I can be quite firm and strict. There are also situations that leave me defenseless. e,g, My wife blames me for ruining her life, and that of our son, because I have ADD. It makes her cry and this makes me very, very upset. I understand her reasoning and it is sound.But it is not helping. Here is why:
The morning after our converstaion I spoke to my son and I gave him a To Do list for the day for his grades are dropping fast. I could tell he was not listening, but I also had to go to work, and if I did not fix this my wife would call me up at work crying, which I thoroughly dislike (second only to having a quarrel before going to work). So, with rising frustration but still patient, I had him repeat what I said to him to make sure he understood. One minute before we finish my wife starts crying that this is not what she wants! I felt frustrated and appaled at such a lack of reason.
I was wrong of course. My wife did have reason to cry. In her eyes I was botching up the job (which I was not and am not). When she acted on that feeling, I was defenseless and could not switch my attention fast enough from my son to my wife and back. Question is: What could I have done to defend myself against the onslought of her depressed feelings? Becaus this is something I have to cope with if I want to be "connected".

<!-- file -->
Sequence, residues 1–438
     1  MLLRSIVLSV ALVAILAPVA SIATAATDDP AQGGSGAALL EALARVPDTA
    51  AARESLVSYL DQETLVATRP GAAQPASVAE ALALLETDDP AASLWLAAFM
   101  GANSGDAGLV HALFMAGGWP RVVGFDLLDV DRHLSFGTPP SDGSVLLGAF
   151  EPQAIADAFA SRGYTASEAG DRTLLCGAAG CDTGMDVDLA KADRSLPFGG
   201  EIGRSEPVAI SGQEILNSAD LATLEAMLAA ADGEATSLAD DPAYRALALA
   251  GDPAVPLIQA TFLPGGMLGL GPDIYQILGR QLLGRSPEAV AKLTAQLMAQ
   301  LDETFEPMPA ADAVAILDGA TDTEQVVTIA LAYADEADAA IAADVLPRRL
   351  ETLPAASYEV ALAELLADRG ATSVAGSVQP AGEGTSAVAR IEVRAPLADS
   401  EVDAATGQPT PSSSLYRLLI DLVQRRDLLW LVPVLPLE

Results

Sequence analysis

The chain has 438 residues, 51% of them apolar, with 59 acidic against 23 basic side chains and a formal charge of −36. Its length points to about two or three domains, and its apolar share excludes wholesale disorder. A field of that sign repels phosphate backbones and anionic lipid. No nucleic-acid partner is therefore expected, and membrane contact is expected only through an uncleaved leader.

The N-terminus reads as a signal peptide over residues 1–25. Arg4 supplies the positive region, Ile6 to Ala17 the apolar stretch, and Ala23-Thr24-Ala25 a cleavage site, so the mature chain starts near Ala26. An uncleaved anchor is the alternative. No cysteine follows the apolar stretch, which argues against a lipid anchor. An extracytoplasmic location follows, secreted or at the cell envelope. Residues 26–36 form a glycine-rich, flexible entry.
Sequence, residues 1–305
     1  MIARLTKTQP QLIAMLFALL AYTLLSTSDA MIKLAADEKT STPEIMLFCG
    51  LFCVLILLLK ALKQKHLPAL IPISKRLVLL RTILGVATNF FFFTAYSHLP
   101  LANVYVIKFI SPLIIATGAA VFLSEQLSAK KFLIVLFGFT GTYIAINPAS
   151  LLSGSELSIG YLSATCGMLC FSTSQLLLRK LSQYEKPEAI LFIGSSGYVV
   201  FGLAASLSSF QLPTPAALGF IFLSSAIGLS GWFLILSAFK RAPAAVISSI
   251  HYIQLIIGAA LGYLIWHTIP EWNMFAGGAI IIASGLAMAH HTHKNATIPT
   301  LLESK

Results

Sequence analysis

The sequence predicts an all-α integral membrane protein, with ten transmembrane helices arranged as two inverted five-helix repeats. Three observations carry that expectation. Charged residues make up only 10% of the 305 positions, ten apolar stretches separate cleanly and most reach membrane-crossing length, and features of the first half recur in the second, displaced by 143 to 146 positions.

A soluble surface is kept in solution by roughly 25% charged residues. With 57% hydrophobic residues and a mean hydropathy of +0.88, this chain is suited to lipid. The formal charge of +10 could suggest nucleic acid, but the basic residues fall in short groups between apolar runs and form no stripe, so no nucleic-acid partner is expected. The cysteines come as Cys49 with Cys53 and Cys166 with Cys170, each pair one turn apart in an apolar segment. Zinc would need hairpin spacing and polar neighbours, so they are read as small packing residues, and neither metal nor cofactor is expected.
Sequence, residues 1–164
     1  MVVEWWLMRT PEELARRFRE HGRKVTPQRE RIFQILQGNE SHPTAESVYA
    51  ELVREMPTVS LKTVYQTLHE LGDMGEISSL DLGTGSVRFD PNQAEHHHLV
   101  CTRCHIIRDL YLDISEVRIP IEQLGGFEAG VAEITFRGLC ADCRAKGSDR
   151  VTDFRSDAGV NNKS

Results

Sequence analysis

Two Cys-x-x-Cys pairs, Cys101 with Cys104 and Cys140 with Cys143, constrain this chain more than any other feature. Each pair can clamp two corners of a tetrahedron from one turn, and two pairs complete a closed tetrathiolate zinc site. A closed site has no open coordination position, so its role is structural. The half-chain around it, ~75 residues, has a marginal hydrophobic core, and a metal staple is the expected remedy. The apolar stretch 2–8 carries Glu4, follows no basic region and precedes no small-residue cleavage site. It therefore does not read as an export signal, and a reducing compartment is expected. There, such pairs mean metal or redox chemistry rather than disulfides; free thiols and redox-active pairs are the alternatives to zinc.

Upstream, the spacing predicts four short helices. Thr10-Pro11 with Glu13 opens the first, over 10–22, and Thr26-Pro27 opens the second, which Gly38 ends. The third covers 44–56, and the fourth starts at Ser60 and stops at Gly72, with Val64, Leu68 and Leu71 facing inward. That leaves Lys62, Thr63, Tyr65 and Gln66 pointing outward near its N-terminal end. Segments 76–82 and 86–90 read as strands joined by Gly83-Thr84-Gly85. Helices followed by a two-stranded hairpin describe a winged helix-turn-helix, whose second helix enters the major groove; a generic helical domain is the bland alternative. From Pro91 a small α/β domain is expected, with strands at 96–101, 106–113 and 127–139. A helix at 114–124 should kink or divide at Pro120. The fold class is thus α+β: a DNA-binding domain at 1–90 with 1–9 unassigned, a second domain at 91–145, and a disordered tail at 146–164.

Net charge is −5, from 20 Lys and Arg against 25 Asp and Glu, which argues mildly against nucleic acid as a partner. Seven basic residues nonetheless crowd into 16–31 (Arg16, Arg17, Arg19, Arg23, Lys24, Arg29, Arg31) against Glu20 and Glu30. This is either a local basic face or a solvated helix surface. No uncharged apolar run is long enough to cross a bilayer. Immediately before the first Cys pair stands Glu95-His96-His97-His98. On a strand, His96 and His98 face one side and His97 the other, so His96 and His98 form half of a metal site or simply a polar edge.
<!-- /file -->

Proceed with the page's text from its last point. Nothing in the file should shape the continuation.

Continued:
Fortunately there are several options. In this specific case I should have been sensitive to my spouses's plight. But I should never have let her put a guilt trip on me (falls in the category Emotional Blackmail). When she did I should have taken it as a sign of her distress. I should never have coerced my son in to listening in such a childish manner (also Blackmail, bedsides it violates my first personal belief). But how can one defend oneself?
There is a number of resources out there to help. Sonia Dabboussi has written a rather good blog on the subject. You could try emotional analysis. (always recommendable). But the more profound solution is offered by mrs. Aron. She quotes Forrester :
"I believe in ... an aristocracy of the sensitive, the considerate and the plucky."Aron feels the HSP should turn to ethics to ground them in daily life and help them to find their station in life. According to her we should not be kings but trusted advisors. Not the king but the Cardinal? Could work. I always did feel a stronger attraction to Merlin than to Uther Pendragon. Fits my current position as Financial Controller.